Things have come a long way from the days when we used plain vector art (opens in new tab) images as icons. Yet there are still a number of accessibility issues when it comes to icons. Thankfully, SVGs could go a long way towards addressing this problem.
In this article, I'll take you through the different icon options we have used in the past, then explore the benefits (and drawbacks) of SVG icons. Finally, I'll explain how to implement SVG icons, using automation tools to reduce the workload.
First, let's go through a brief history of icons so you can understand how things have moved on. Before the advent of CSS, people used images to create icons, which gave rise to issues around accessibility and semantics. Each icon would have multiple images to support different states – for example, to show hover states, different colours or sizes.
The number of icons being used increased HTTP requests, and thus also the page load time. If you had to redesign the site, you would need to build a whole new set of images for each icon.
When CSS was introduced, things got better. People became accustomed to using sprites (many images glued together in one big image), resulting in one request. As well as faster page loads, this also improved accessibility.
Readers were able to ignore the icons if they were for decoration purposes only, as there was no markup on the page. However, altering icons remained a cumbersome process – changing the colour or resolution still necessitated the creation of a separate image, which would increase the size of the sprite.
Next came icon fonts. These are vector-based and therefore resolution-independent, and things like colour and position can be manipulated through CSS. They also boast wide-ranging support across all major browsers and versions. However, to make icon fonts accessible you have to include some extra code that browsers ignore but screen readers do not.
There are further problems with this approach. If designers use their own CSS with a different font, a different icon will show. If the font rendering fails, the icon will not display; instead users get something like a square box, which doesn't mean much to anyone.
Relying on CSS font positioning properties like line height and font size can be unintuitive when working with graphical glyphs, particularly when the icons need to align with images and text.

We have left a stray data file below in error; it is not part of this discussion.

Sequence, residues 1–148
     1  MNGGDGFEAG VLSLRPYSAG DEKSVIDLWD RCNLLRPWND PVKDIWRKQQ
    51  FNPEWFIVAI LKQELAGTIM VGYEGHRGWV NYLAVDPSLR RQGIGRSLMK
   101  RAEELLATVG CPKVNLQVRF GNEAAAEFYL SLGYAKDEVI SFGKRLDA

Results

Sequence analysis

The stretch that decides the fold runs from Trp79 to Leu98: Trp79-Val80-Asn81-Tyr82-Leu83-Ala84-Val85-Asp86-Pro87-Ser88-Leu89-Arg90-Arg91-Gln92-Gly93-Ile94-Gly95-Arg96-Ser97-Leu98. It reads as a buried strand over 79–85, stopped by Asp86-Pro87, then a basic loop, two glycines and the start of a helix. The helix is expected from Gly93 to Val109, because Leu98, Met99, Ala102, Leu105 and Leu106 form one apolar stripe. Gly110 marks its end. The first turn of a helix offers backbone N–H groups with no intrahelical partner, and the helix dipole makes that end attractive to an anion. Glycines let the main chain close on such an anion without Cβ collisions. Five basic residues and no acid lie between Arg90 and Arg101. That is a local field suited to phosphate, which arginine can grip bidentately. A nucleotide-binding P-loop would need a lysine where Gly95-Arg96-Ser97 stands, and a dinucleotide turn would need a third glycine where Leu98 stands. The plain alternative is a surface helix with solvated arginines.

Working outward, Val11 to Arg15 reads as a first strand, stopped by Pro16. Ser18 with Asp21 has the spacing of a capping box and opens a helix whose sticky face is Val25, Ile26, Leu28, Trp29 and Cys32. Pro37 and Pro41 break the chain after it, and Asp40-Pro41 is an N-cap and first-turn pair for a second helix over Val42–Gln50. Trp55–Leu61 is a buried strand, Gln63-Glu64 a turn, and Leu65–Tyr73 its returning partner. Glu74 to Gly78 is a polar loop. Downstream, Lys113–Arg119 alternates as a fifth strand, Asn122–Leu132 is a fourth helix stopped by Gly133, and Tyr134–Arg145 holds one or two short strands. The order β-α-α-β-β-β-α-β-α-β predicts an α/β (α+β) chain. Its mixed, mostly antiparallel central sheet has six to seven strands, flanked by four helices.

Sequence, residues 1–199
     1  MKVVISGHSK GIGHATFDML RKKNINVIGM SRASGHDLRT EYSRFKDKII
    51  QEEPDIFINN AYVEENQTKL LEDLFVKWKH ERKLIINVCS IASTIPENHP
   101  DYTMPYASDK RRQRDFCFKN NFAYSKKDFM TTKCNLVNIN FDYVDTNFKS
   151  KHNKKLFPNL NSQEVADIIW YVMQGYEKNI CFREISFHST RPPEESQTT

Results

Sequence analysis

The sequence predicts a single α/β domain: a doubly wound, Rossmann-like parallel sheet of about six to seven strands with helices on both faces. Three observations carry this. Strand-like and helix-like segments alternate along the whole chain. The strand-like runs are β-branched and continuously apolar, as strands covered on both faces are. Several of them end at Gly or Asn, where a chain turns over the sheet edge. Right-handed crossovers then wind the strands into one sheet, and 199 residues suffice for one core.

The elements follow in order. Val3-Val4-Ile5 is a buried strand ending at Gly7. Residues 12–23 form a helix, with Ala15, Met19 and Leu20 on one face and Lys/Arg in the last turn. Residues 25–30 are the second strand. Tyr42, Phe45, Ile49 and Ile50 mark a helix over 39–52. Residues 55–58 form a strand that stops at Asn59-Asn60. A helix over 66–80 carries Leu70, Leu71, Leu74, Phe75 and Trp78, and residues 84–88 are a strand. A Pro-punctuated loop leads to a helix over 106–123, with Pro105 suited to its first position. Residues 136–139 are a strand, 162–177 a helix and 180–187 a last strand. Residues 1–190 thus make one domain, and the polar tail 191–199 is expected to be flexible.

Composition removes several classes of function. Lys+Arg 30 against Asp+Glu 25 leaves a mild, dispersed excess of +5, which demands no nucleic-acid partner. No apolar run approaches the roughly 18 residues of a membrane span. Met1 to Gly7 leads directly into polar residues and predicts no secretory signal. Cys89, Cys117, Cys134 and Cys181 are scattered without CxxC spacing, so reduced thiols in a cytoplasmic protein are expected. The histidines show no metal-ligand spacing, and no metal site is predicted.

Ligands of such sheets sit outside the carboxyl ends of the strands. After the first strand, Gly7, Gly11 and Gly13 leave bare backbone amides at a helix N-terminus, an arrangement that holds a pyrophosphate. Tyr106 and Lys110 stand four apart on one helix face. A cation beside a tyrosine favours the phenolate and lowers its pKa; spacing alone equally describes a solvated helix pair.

Fundamentally, using fonts to render vector images is a hack to get widespread browser support. However, if for whatever reason SVG icons are not a possibility, see the boxout opposite for a guide to using icon fonts properly.
Finally, along came SVG. These are based on an XML markup language for describing two-dimensional vector graphics, which means you can create graphics using code. Alternatively, if you don't want to write code, you can create graphics using software such as Illustrator, save them as SVGs, and the code will be generated for you.
While SVG has been around since the last century, it took over a decade for Internet Explorer to catch up with v9. With the rapid decline of legacy IE usage, SVG is now a viable solution across the vast majority of browsers and devices.
There are still some older browsers that do not support SVG icons, but there are tricks to get around this. So why should we use them over font icons? SVGs, like font icons, are vector-based.
Unlike font icons, you don't have to use workarounds to make them accessible: they already contain semantic title and description attributes. They scale to any size without losing detail, so look great on HDPI displays.
Having looked at the background to the issues surrounding accessibility with icons, the question arises as to how SVG icons can best be implemented. Let's look at an example workflow. Along the way I'll explain the caveats you should be aware of when using SVGs.
Design icons in illustrator